Giving communities a platform for their voices

This work is described in the department’s Strategic Plan, in Strategic Objective 3.2. This work is focused on investing in communities. Rather than relying on the established practices of providing single-year funding for pre-determined initiatives, DHW is taking a new approach. We are supporting health collaboratives in communities by asking what they need. Then we are helping them with resources such as project staffing and funding. This enables the community to examine the root causes of the challenges they face and lead community-level strategies that will foster the best possible conditions for everyone.

Katie Lamansky, health program manager of DHW’s Get Healthy Idaho initiative, said this approach has “allowed our community collaborative to build that trust, to know that we're not just here to assess, we're not just here to hopefully get what we need from the community to satisfy grant deliverables or grant objectives. We're really here to build that community power and trust and help it be sustaining over the long term.”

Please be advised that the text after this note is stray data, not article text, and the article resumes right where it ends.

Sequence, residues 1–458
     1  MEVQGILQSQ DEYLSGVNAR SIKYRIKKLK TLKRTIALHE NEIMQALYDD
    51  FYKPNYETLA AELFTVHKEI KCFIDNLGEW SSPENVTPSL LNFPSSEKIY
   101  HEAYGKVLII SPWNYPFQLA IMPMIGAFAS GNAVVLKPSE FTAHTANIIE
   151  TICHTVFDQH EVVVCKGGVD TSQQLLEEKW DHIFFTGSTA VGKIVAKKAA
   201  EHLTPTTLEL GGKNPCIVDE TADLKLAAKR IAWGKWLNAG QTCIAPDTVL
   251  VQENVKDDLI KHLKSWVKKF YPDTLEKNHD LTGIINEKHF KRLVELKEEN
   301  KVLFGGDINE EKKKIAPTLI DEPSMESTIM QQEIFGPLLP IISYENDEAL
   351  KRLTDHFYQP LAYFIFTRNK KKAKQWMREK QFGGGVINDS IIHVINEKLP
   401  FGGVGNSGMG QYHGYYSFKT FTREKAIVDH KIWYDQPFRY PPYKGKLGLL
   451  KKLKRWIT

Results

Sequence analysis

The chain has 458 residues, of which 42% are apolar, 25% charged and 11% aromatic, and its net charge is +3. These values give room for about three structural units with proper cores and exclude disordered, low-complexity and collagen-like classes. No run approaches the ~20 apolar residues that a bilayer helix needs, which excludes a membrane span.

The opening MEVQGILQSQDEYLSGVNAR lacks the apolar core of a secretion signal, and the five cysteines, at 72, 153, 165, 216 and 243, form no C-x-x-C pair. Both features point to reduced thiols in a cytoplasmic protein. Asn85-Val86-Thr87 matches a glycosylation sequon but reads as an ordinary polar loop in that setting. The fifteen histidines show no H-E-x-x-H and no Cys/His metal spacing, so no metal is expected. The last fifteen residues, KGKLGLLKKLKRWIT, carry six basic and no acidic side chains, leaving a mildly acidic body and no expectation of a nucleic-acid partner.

She added, “It's really important to make sure that we give the communities the platform and the voice to be able to say what their needs are; and for us to be able to step back – to have that humility, to step back and think, ‘How can I support them without giving them what I think they need?’”

Drawing on a community’s existing strengths and knowledge will empower people as leaders and create the buy-in necessary to sustain impactful change.

First two Get Healthy Idaho communities funded by DHW

In late 2020, the Division of Public Health  selected the first Get Healthy Idaho funded community – the Western Idaho Community Health Collaborative (WICHC), in partnership with Elmore County Health Coalition (ECHC). The most vulnerable members of Elmore County face persistent mental and behavioral health challenges, along with chronic disease outcomes and risk factors, including diabetes and food insecurity.

Before receiving funding, community health assessment findings from the county revealed residents are concerned with increased stress and isolation and are struggling with poverty, inadequate housing, and low educational attainment.